Even if formal requirements for the making of the application are satisfied it is usually very difficult to persuade the state court to interfere with the independence of the arbitration process by way of reaching a decision about the competency of arbitrators and their ability to take part in the arbitration process.

Applications in accordance with Article 72 of the Arbitration Act

If a party is certain that the arbitrators lack competence, it has an alternative option to completely ignore the arbitration in order so that in the future it can challenge the competency of the arbitrators in state court. In this case the party will be considered a non-participating party and should be able to maintain its right to make an application in accordance with Article 72 of the Arbitration Act. In such applications the abilities of the party to request different types of determinations from the court (for example, by way of a prohibition or declaration) are much wider than under Article 32 of the Arbitration Act, however, it is important to understand that participation in any part of the arbitration process will result in the loss of the right to make an application in accordance with Article 72. A party that wishes to prove that it is not participating in an arbitration should not take part in any part, or stage of the arbitration process such as, the appointment of arbitrators or confirmation as to whether or not there is an arbitration agreement or by making any kinds of declarations about the competency of the arbitrators or the substance of the dispute to the arbitrators.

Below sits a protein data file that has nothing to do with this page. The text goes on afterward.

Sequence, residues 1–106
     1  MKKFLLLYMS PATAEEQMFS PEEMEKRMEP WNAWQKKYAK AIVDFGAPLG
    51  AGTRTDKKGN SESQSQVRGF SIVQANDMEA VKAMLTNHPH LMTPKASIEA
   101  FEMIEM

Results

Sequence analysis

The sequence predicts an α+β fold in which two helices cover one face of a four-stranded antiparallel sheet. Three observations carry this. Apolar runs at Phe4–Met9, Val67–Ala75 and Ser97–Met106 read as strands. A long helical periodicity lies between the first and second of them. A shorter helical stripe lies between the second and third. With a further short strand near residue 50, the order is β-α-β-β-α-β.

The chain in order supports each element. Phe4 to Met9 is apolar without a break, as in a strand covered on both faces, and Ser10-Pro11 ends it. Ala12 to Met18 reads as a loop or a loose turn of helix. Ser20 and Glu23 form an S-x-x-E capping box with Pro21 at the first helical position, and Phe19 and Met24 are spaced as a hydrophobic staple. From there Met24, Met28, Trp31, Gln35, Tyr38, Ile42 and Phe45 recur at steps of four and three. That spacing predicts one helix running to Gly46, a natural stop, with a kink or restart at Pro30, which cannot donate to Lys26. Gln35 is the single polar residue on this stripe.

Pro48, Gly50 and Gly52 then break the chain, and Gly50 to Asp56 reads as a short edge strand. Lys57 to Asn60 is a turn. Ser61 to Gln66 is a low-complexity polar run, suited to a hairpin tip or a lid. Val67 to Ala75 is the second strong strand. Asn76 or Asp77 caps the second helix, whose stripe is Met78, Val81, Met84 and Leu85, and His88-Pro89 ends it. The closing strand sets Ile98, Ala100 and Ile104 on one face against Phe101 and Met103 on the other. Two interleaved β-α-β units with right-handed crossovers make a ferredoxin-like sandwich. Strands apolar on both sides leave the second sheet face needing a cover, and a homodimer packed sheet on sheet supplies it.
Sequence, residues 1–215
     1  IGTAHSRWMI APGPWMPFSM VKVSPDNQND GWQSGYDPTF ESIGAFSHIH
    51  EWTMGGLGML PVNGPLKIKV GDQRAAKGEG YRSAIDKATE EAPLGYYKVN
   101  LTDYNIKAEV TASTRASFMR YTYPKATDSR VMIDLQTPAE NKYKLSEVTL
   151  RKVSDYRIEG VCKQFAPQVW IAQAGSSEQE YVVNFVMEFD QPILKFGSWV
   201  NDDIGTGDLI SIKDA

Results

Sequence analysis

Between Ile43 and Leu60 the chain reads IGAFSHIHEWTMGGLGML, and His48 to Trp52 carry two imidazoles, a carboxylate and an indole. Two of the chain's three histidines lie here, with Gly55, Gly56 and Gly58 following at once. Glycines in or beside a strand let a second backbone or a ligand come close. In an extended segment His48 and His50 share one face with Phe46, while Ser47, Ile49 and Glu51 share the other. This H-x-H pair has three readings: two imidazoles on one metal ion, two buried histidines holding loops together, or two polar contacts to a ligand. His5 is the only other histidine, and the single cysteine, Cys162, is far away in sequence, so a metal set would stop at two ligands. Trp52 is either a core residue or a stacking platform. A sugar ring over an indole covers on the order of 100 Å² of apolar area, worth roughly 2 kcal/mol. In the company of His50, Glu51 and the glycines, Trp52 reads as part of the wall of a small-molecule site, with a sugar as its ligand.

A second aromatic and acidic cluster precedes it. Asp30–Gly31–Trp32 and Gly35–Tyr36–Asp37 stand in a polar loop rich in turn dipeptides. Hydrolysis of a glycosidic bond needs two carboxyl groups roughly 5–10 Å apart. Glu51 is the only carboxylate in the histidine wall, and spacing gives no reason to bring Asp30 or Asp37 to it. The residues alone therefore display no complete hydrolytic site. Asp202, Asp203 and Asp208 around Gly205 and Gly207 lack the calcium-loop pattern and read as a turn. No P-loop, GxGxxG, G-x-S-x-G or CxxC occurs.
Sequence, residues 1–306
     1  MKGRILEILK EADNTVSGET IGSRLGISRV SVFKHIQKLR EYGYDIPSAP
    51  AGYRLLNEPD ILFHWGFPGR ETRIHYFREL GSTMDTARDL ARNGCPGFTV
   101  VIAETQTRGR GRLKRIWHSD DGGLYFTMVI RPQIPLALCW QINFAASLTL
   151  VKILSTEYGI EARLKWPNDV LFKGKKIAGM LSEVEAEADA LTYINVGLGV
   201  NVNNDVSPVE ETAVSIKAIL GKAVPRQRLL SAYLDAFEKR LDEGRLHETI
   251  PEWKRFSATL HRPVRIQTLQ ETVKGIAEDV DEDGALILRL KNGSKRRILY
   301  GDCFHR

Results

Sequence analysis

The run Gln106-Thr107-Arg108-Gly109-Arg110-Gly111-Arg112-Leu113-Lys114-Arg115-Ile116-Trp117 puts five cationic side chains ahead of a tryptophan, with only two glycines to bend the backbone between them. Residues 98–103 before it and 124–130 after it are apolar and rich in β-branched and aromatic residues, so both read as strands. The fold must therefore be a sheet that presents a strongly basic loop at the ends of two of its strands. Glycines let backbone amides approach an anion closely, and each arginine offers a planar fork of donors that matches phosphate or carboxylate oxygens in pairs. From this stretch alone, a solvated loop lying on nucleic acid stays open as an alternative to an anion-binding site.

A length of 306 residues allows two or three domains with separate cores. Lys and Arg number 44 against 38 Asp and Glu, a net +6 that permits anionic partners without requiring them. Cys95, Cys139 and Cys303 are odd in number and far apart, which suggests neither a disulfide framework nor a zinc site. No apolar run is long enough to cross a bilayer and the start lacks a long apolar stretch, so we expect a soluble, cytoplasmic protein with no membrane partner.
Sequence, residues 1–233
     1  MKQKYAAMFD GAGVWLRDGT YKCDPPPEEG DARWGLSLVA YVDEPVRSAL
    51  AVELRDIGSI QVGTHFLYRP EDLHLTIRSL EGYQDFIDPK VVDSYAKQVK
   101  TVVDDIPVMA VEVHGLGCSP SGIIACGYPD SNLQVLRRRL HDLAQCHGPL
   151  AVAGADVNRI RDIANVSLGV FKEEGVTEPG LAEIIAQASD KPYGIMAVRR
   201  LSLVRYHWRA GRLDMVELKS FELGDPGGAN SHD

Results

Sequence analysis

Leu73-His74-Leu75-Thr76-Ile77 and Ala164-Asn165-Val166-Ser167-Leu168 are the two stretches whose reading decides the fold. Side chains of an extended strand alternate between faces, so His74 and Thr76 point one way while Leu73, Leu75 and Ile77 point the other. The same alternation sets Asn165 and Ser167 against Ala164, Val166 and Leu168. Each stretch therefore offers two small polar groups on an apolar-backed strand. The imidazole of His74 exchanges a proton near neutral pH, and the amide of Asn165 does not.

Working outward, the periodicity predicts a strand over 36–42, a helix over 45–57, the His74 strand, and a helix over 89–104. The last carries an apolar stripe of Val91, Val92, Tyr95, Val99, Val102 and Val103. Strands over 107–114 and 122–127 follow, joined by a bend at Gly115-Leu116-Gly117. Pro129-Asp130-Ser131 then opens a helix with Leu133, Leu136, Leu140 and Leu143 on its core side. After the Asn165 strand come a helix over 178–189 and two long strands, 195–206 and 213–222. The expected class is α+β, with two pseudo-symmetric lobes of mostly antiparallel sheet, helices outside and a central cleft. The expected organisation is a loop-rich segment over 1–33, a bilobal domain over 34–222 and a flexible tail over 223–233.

This issue was considered in the Court of Appeal in the case of Broda Agro Trade (Cyprus) Limited v Alfred C Toepfer International GmbH[2]. The applicant initially ignored the arbitration process which was commenced by the claimant due to alleged breaches of a contract. After the arbitrators issued an intermediary decision about their competence which was addressed to both parties for the provision of subsequent statements, the applicant took part in this stage of the process and ultimately lost the case.

The applicant subsequently attempted to question the competency of the arbitrators under Article 72 of the Arbitration Act relying on arguments that it should be considered a non-participating party in the arbitration due to the apparent reference in  Article 72 to a party that did  not take part in the process in which the arbitrators determined the question of their competency. As the applicant did not take part in this particular part of the arbitration process, it believed in its right to rely on the provisions of Article 72.

The appeal court did not agree with the position of the applicant and determined that there was no basis for interpreting the statement, "Does not take any part in the process" in such a way as to only apply to the part of the process relating to the determination of the competency of arbitrators. To put it another way, if a party completely ignores the arbitration then its right to make an application to the court cannot be limited as the party did not take part in the arbitration. But if the party takes part in the arbitration, either at the stage of the determination of the competency of the arbitrators or by making any claims in respect of the stated competency, such party is unable to rely on Article 72, but may make claims to the state court only in respect of the arbitration award in accordance with Article 67 of the Arbitration Act within a strictly limited timeframe which, in this case, the applicant failed to do.